NASA is trying to keep part of its giant golden telescope a secret
We provided the first image to Lynn Chandler, a NASA representative for JWST, and asked why the part circled in red was blurred out.

"This technology is proprietary. The government must respect the intellectual property of its industry partners," Chandler told Business Insider in an email.

We then asked which company made the blurred-out part, and requested more details about it and its role in JWST's mission — which, by the way, is to study objects at the edge of the universe and quite possibly the air around Earth-like exoplanets.

"That is the secondary mirror support structure with the secondary mirror on it, which includes details of mirror mounts," Chandler said. "The secondary mirror relays light from the primary mirror and does optical correction."
 

nivek

As Above So Below
This is an extremely stupid idea...


Could Nasa trigger alien invasion? Plan to beam Earth's location into outer space could spark inadvertent contact with unknown civilisations, scientists warn

A Nasa plan to beam Earth’s location into outer space could inadvertently trigger an alien invasion, Oxford scientists have warned.

The binary-coded ‘Beacon In The Galaxy’ message will broadcast information about the solar system, Earth’s surface and humanity to a part of the Milky Way identified as the most likely home of extraterrestrial civilisations.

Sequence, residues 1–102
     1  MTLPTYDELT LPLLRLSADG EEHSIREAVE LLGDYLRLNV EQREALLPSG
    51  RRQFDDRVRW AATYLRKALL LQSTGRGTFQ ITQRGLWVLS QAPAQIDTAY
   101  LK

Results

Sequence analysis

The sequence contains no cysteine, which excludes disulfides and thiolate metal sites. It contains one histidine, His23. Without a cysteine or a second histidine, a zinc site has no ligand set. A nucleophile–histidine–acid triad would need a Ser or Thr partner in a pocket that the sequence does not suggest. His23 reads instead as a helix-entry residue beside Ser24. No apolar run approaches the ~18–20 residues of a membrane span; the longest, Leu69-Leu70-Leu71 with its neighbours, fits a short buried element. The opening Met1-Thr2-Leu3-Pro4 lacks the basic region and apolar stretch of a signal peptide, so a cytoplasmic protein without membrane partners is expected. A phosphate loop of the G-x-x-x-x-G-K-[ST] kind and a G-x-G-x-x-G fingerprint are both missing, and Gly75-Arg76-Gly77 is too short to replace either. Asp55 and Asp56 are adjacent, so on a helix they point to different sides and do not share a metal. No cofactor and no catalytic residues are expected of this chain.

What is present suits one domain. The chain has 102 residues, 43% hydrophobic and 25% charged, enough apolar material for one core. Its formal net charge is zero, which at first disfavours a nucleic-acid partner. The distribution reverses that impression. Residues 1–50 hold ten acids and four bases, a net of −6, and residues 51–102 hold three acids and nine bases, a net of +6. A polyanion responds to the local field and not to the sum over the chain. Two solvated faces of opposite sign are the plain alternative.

It is an updated version of the Arecibo message, which sent similar information into space in 1974 using a radio telescope in Puerto Rico.

However Anders Sandberg, a senior research fellow at Oxford’s Future of Humanity Institute (FHI), warned sharing such information presents a risk.

He told The Daily Telegraph that, although the chance of the message reaching an alien civilisation was low, ‘it has such a high impact that you actually need to take it rather seriously’.

He said the ‘giggle factor’ surrounding the search for extraterrestrial intelligence meant that ‘many people just refuse to take anything related to it seriously, which is a shame because this is important stuff’.


(More on the link)

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Dejan Corovic

As above, so bellow
This is an extremely stupid idea...


Could Nasa trigger alien invasion? Plan to beam Earth's location into outer space could spark inadvertent contact with unknown civilisations, scientists warn

A Nasa plan to beam Earth’s location into outer space could inadvertently trigger an alien invasion, Oxford scientists have warned.

The binary-coded ‘Beacon In The Galaxy’ message will broadcast information about the solar system, Earth’s surface and humanity to a part of the Milky Way identified as the most likely home of extraterrestrial civilisations.

It is an updated version of the Arecibo message, which sent similar information into space in 1974 using a radio telescope in Puerto Rico.

However Anders Sandberg, a senior research fellow at Oxford’s Future of Humanity Institute (FHI), warned sharing such information presents a risk.

He told The Daily Telegraph that, although the chance of the message reaching an alien civilisation was low, ‘it has such a high impact that you actually need to take it rather seriously’.

He said the ‘giggle factor’ surrounding the search for extraterrestrial intelligence meant that ‘many people just refuse to take anything related to it seriously, which is a shame because this is important stuff’.


(More on the link)

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That idea is neither here, nor there.

Alien civilisations that are behind us will completely miss the message, so no change, no harm there.